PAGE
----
Many people ask if homebirth is safe. Our society views labor and birth as pathological, an illness that needs to be fixed or cured. Since the beginning of time, humans have given birth without medical help or intervention.
For healthy women at low risk for complications who choose skilled and experienced caregivers and have a good system in place for transfer to a hospital when necessary, most studies show that giving birth at home is just as safe as giving birth in a hospital. They also show that moms who planned to give birth at home (regardless of where they ended up having their babies) ended up with fewer interventions, such as episiotomies and c-sections, compared with a group of equally low-risk women who had planned hospital deliveries.Is the Hospital Really the Safest Place to Deliver?
The National Perinatal Epidemiology Unit concluded in Where To Be Born in 1994 that "no evidence exists to support the claim that a hospital is the safest place for women to have normal births." The World HealthOrganization (WHO) reports that "it has never been scientifically proven that the hospital is a safer place than home for a woman who has had an uncomplicated pregnancy to have her baby. Studies of planned home births in developed countries with women who have had uncomplicated pregnancies have shown sickness and death rates for mother and baby equal to or better than hospital birth statistics for women with uncomplicated pregnancies."
David Stewart states that "since the founding of NAPSAC in 1975, we have searched for the data, if it exists, that supports 100% hospitalization for birth. We have not found it. We have formally requested all of the major medical associations (ACOG, AMA, AAP, AAFP) and any other professional organization who supports 100% hospitalization to share their data. To date, they have not. We have asked them to write chapters for the NAPSAC books. We have offered to publish their documentation. We have given them the opportunities to speak before large audiences at NAPSAC conferences in order that their valid statistics, if they have any, can be made known. To date, they have failed to produce even one study in support of their contention." If your doctor tells you that home birth isn't safe and you should birth in the hospital, ask for his/her statistics. Chances are, s/he doesn't have any.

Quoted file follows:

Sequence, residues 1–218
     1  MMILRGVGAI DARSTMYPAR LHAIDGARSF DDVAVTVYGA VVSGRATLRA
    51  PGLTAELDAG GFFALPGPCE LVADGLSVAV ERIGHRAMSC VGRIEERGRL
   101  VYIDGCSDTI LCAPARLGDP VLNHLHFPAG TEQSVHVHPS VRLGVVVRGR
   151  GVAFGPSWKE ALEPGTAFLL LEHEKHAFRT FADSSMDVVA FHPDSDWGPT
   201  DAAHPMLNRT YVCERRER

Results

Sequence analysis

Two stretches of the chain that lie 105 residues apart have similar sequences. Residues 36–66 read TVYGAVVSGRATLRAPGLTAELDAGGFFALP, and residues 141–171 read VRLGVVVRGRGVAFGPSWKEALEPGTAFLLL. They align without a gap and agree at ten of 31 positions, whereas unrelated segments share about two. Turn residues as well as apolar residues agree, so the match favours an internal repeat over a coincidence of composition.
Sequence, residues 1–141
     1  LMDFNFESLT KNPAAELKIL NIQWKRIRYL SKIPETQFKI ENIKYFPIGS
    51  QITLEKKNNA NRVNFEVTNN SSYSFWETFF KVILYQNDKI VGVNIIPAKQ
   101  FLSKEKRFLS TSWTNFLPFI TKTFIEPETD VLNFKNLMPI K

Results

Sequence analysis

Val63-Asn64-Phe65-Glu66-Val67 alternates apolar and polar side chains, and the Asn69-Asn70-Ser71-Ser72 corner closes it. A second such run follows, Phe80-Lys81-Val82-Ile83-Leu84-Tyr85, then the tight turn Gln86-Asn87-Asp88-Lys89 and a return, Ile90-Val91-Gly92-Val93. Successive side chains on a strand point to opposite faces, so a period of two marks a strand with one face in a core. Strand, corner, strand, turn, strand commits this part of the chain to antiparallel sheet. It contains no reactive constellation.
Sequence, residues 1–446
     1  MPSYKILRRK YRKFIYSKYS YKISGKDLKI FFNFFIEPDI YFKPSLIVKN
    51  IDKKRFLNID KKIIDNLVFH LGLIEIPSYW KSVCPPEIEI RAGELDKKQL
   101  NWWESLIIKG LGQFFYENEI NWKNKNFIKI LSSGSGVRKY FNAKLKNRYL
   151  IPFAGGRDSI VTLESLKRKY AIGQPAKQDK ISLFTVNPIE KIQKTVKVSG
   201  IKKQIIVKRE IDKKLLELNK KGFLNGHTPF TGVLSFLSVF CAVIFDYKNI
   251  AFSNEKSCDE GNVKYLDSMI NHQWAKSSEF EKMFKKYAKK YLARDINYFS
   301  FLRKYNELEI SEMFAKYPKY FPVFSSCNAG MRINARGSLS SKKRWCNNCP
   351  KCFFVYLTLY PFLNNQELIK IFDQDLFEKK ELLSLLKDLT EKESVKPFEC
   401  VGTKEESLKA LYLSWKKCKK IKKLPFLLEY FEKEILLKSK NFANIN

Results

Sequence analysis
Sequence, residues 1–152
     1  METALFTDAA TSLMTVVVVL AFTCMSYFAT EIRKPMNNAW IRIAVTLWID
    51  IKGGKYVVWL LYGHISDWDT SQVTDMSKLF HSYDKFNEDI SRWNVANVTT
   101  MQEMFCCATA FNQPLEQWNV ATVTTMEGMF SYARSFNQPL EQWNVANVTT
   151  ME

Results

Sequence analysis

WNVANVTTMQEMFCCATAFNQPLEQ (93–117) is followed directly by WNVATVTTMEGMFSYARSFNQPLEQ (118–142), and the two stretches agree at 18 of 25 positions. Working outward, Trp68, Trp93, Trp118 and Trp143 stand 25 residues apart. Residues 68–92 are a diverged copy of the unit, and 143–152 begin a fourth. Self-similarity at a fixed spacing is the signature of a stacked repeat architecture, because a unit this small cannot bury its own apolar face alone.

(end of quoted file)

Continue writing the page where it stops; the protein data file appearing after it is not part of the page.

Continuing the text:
For a normal, low risk mother and baby homebirth is as safe, if not safer than hospital birth.
Safety has been held up as the reason why all women should give birth in the hospital. This is despite the fact that no data support the contention that homebirth holds any excess risk provided:
- the mother is low risk
- the homebirth is planned
- she has a trained, experienced birth attendant
- there is a modern hospital within a reasonable distance
- In the hospital, 3.7 times as many babies required resuscitation.
- Infection rates of newborns were 4 times higher in the hospital.
- There was 2.5 times as many cases of meconium aspiration pneumonia in the hospital group.
- There were 6 cases of neonatal lungwater syndrome in the hospital and none at home.
- There were 30 birth injuries (mostly due to forceps) in the hospital group, and none at home.
- The incidence of respiratory distress among newborns was 17 times greater in the hospital than in the home.
- While neonatal and perinatal death rates were statistically the same for both groups, Apgar scores (a measure of physical well being of the newborn) were significantly worse in the hospital.
Summary of Results of Matched Population Study Comparing Hospital Birth with Home Birth
Summary of epidemiologically controlled comparison of home and hospital birth. Original study, by Mehl LE et al. Outcomes of elective home births: a series of 1.146 cases. J Reprod Med 1977;19(5):281-90.[web page lost to web entropy - please e-mail me if you come across this page anywhere on the web. Thanks.]